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opposing party, Plaintiff would be less disadvantaged than Defendant. Plaintiff has at most only two employees who might have to travel for this case. Thus, this factor weighs slightly in favor of the Northen District of California. Convenience of witnesses "When weighing the convenience of the witnesses, `a court does not merely tally the number of witnesses who reside in the current forum in comparison to the number located in the proposed transferee forum. Instead, the court must qualitatively evaluate the materiality of the testimony that the witness may provide." Fuji Photo Film Co. v. Lexar Media, Inc., 415 F. Supp. 2d 370, 373 (S.D.N.Y. 2006) (quoting Herbert Ltd. P'ship v. Elec. Arts, Inc., 325 F. Supp. 2d 282, 286 (S.D.N.Y. 2004). The inventor of the patent-in-suit is located in Florida. The issues relating to Defendant's alleged infringement require, however, analysis of facts, documents and testimony relating to the design, development, production, marketing, and sale of Defendant's products. See 35 U.S.C. § 271 (listing activities which constitute infringement). Upon review of the parties' filings, it appears that most of the witnesses that will be knowledgeable about the infringement issues are located in northern California. Thus, it seems likely that more witnesses will be inconvenienced by conducting this litigation in Florida than would be if the case is tried in northern California. This factor weighs in favor of transfer. Ease of Access to Sources of Proof To examine " `the relative ease of access to sources of proof,' and the availability of witnesses, the district court must scrutinize the substance of the dispute between the parties to evaluate what proof is required, and determine whether the pieces of the evidence cited by the parties are critical, or even relevant, to the plaintiff's cause of action and to any potential defenses Page 6 of 8
to the action." Ricoh Co., 817 F.Supp. at 483 (quoting Van Cauwenberghe v. Biard, 486 U.S. 517, 528 (1988)). Most documents likely to be material to the prosecution of this patent infringement case appear to be located in the Northern District of California. Additionally, it appears that most of the design, development, implementation, and marketing of the relevant technology took place in northen California. Management teams in charge of the allegedly offending products are also located in northen California. On-site inspections of the technology at issue would likely occur at Defendant's northern California location. As these sources of proof are likely to be most important to analyzing Plaintiff's patent infringement claims, this factor weighs in favor of transfer. Administrative Difficulties from Court Congestion Plaintiff argues that if this action were to remain in the Southern District of Florida, it would likely proceed to trial faster here than it would in the Northern District of California. (Pl. Resp. at 14.). Docket conditions, although relevant, are a "minor consideration" when other factors would result in a transfer of venue. GTE Wireless, 71 F.Supp.2d at 520. Familiarity With the Governing Law The claims at issue are issues of federal law, patent infringement, which both federal district courts are competent to address. This factor is neutral in the transfer analysis. Avoidance of Unnecessary Conflict of Law Issues There are no conflict of law concerns in this case. This factor is neutral as to transfer.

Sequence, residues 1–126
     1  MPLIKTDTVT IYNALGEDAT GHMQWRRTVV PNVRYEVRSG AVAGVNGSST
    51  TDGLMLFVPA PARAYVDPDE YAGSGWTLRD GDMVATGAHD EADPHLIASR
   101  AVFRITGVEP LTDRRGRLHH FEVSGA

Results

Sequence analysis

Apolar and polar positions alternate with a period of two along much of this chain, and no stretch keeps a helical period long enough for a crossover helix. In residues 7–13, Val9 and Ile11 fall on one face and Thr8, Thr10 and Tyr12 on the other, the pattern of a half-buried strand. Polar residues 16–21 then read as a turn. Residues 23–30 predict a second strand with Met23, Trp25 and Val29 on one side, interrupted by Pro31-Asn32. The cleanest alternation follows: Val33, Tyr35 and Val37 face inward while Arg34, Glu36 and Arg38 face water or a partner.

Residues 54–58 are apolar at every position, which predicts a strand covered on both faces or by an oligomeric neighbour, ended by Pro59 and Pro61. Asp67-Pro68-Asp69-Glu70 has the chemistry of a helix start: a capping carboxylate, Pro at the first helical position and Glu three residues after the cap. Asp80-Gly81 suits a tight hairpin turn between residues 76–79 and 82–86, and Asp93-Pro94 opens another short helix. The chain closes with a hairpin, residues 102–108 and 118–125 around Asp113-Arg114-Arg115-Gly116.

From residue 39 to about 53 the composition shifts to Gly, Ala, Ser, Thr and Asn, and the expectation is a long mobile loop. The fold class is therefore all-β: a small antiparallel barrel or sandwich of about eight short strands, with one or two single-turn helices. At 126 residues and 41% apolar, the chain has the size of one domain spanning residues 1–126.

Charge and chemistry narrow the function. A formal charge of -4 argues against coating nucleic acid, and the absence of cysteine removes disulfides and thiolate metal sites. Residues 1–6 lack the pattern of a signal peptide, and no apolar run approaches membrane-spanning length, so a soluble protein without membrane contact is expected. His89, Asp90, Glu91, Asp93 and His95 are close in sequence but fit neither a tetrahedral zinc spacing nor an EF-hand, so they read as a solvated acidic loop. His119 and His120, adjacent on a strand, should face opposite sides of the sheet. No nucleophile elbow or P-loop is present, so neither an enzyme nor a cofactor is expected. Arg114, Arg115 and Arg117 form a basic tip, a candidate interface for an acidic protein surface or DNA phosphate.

Interests of Justice A transfer of this case to the Northern District of California would serve the interests of Page 7 of 8
justice. The center of the accused activity giving rise to this case occurred in the Northern District of California. This factor strongly weighs in favor of transfer. Amini Innovation, 512 F.Supp.2d at 1045. Conclusion This Court has carefully examined the filings in this cause and finds that relevant factors under 28 U.S.C. § 1404(a) are present and that those factors when considered together warrant a transfer to the Northern District of California. Accordingly, it is hereby ORDERED AND ADJUDGED as follows: 1. Defendant, Symantec Corp. ("Symantec")'s Motion to Transfer Venue (DE 18) is GRANTED. 2. The Clerk of Court is hereby directed to transfer this case to the United States District Court, Northern District of California. This case is closed. DONE AND ORDERED in Chambers at West Palm Beach, Palm Beach County, Florida, this 23rd day of February, 2009.
_________________________ KENNETH A. MARRA United States District Judge copies to: All counsel of record Magistrate Judge Linnea R. Johnson